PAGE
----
The Embrace of the Four-Armed Houri

by Danielle L. Parker


part 1 of 4

Jim Blunt, Captain of the starship Pig’s Eye, earns a living the hard way at the raw edge of human space. Caught between Earth’s long arm and the unwelcome attentions of humanity’s alien rivals, the Asp, the captain sometimes finds himself in more trouble than even an outlaw trader can handle.


Yellow rain slashed like driven nails. Jim Blunt, his six-foot-plus frame bowed beneath the buffet of the relentless wind, flinched at a massive discharge of lightning. The cracking carillon in its wake pained his eardrums.

But at least the gaudy display served a purpose. Now he glimpsed the hulking stone mass of the terminal ahead. Shielding his face from the foul-smelling torrent with an uplifted arm, he bolted for its shelter.

His outstretched hand fetched up against a cold, slime-encrusted stone surface. He fumbled blindly at an old-fashioned iron handle and pushed the door open. A welcome glow lay inside.

“Shut it, mate,” a nasal Australian twang commanded. “It’s bloody hell outside. As usual!”

Blunt did not need to obey. The wind sucked the door shut with a crack like a gunshot. Wiping his burning eyes with his streaming sleeve, he gasped, “That’s acid!”

“Sulphur,” the twanging voice agreed. A long-limbed man unfolded from a chair set by the fireplace. Blunt, blinking, saw the lanky form was encased in incongruous garb-tights and a stiff tabard over a long-sleeved tunic. The tabard was decorated with an ornate shield. A flaming mountain was worked into the center. The angular face above was a spaceman’s seamed visage, but its tan had faded to an unhealthy yellow.

“Lucky you’ve got solid tripartic plating on that shuttle of yours, mate,” the man continued. “Step up to the fire. You look like a wet cat.”

Blunt stretched out his hands to the flames. The glance he turned on the other man held wariness.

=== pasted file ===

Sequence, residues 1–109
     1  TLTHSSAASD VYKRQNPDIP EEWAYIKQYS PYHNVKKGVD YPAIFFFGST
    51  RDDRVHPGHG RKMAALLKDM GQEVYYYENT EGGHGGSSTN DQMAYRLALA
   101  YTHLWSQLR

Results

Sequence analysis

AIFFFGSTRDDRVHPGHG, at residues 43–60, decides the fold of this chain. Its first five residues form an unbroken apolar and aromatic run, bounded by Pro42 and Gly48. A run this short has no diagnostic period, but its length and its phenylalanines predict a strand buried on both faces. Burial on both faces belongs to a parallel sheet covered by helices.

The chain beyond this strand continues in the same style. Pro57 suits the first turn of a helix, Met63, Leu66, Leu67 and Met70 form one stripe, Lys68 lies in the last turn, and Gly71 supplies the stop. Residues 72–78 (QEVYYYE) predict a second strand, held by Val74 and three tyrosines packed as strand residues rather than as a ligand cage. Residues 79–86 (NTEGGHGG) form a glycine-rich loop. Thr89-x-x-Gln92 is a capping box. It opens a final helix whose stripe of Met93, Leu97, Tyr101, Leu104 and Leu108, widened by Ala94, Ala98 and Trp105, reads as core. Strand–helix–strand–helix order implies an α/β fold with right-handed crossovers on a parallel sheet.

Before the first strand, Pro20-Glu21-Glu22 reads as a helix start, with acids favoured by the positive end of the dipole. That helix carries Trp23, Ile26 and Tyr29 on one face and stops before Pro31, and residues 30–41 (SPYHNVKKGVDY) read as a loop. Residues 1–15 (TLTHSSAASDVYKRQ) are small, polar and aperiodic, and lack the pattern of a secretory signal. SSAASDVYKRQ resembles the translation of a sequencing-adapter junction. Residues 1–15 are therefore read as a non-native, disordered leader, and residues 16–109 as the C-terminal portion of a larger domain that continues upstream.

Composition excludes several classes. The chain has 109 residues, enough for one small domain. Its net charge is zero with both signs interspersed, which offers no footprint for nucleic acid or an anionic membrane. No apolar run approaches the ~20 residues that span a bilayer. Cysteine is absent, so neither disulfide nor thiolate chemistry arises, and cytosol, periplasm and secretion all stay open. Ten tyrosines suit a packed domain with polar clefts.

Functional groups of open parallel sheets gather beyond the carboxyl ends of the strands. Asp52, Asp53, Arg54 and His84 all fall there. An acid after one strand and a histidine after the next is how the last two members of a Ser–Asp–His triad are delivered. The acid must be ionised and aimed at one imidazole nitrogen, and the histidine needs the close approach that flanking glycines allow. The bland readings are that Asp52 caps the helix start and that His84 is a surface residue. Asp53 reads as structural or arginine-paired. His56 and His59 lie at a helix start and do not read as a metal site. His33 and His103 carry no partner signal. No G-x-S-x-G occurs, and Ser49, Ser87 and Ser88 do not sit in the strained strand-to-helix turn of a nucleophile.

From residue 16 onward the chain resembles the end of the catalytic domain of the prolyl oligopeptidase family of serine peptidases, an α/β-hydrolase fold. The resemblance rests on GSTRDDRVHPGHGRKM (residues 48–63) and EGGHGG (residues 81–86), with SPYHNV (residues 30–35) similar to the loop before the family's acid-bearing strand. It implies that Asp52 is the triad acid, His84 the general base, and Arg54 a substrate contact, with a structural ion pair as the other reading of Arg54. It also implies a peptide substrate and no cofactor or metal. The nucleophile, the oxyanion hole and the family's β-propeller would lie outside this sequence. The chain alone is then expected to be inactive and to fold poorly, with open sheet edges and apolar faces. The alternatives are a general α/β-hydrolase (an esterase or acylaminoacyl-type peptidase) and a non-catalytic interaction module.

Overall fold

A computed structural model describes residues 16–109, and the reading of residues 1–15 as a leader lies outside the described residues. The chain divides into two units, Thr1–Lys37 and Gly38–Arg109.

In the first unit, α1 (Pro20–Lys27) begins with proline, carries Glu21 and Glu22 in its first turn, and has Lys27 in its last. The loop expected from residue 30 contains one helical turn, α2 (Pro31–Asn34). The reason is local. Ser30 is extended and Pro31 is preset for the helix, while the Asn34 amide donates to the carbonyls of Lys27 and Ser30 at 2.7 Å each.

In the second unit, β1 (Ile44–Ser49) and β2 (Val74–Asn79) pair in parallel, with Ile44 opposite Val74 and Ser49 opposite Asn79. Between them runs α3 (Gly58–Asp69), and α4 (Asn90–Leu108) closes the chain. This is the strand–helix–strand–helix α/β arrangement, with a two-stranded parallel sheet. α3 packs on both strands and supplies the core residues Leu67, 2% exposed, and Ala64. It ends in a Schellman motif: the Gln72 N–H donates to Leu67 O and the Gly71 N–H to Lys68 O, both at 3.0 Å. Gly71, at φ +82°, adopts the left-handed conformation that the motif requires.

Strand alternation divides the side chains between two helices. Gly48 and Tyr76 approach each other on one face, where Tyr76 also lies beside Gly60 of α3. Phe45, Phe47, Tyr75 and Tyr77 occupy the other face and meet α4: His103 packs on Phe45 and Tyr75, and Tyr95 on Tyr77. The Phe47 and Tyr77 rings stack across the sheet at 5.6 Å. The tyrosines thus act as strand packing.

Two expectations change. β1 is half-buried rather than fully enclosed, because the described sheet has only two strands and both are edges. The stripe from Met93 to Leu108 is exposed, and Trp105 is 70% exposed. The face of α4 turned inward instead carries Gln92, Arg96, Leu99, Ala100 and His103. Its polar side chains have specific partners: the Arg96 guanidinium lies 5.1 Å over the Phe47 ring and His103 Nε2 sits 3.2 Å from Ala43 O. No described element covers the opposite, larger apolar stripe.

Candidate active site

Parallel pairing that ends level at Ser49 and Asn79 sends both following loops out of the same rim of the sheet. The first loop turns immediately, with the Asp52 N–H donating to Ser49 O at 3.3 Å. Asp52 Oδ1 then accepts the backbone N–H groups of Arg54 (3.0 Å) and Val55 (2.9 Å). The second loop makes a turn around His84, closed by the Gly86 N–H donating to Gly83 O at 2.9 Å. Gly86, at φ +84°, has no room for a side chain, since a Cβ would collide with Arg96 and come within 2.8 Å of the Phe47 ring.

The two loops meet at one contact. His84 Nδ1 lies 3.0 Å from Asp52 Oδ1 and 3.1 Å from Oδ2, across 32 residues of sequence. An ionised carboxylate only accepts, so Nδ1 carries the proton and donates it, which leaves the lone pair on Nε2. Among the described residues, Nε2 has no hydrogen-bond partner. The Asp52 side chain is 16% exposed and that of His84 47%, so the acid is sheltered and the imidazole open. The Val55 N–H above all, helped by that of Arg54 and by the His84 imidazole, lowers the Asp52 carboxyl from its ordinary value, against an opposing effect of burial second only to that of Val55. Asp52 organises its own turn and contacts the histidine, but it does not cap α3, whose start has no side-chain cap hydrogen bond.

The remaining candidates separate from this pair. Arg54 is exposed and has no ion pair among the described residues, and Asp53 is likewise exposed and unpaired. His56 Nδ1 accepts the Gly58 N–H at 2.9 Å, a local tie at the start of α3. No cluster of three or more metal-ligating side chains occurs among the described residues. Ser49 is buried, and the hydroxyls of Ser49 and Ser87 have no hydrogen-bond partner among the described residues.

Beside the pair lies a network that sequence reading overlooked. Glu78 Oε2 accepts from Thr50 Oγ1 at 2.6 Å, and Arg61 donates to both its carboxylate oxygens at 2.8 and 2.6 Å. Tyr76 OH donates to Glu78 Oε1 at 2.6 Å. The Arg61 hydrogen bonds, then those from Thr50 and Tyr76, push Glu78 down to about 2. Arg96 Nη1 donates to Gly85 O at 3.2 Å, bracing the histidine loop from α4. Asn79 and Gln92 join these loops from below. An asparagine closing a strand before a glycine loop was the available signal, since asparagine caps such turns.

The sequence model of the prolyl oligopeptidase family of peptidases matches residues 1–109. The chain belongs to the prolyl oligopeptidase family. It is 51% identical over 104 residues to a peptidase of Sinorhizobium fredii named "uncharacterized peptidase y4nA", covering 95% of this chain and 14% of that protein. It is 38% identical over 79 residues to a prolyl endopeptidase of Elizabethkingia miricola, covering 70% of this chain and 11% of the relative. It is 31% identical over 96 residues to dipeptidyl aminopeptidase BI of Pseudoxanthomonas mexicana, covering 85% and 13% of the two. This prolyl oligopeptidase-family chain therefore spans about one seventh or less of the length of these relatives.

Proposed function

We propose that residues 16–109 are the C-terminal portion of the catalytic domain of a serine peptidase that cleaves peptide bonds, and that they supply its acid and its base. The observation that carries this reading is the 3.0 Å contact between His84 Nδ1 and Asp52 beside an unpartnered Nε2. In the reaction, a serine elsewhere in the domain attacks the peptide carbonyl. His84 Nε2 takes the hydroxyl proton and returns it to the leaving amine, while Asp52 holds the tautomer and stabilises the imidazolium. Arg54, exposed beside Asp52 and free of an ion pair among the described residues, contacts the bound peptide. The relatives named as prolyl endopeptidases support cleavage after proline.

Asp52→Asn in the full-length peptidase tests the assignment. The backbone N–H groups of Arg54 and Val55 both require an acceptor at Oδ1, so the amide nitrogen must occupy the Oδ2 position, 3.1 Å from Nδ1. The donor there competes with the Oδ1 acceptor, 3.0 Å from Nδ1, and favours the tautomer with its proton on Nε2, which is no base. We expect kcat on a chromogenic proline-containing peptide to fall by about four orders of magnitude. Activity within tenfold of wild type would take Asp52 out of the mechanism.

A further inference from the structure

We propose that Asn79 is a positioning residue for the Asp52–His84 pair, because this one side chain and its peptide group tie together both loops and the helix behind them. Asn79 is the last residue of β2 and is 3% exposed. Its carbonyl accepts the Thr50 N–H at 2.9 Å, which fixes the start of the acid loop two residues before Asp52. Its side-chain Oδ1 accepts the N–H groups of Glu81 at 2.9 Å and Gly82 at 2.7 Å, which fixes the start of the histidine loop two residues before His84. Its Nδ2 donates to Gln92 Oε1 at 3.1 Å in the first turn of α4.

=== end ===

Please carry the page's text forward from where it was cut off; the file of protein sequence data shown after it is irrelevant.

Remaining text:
“How’d you know what kind of skin I have on my shuttle? And who are you?”

“Rod Blair, customs agent,” the Australian replied crisply, thrusting out his hand in welcome. “Who’d you expect to meet, Himself in the flesh? As for how I knew...” Courtesies complete, Blair re-settled in his chair. “They do things a little differently around here, mate. Your shuttle has been thoroughly conned. He doesn’t like sloppy work.” The Aussie’s face grew long and mournful.

“You’re working for the natives?”

A flicker of emotion fled across the Australian’s bony face.

“Aye,” he answered. “Me, an Earthman — that’s what you mean, isn’t it? A spaceman, grounded? Well, it’s none of your damn business! And if you take my advice, you’ll stick strictly to business while you’re here. Safest world you can visit on the Rim if you do. There’s no crime here!” Blair’s wide, thin lips twisted on a bitter taste.

“And if you don’t stay clean,” he continued, “you’ll wish you were blowing your guts into hard vacuum. Don’t say I didn’t warn you! Now! You’re not our usual pilot for the annual shipment. What happened to old Detmos?”

A gleam came into Blunt’s eye. “He played a bad hand of cards.”

Blair raised a skeptical brow. “Suppose it’s none of my bloody business at that. Your authorization checks out as legit. Good enough.” He got to his feet and, after rifling through the neat stack of papers on the table, handed Blunt a small parcel. “Chit in there, signed by the mayor, no less. It should cover all your local expenditures. You’ve got three days to conclude your affairs and depart. Don’t linger, don’t ask questions, and keep your nose bugger-free. Otherwise...” Another grimace twisted the man’s face. “Don’t say I didn’t warn you.”

“Of what?”

But Blair avoided his stare.

“The Argos is where old Detmos used to stay,” the customs agent said. “It’s as good a place as any. Mayor likes to eat there, so should make it easy for your business. Look for a sign with a white spaceship painted on it.” He crossed the room. “Through this door. You’ll find it easy enough if you keep your hand on the fence. Good luck, Captain Blunt.”

The howl of the wind as Blair opened the door terminated any chance for further questions. Blunt, shrugging his powerful shoulders, ventured into the furious torrent once more.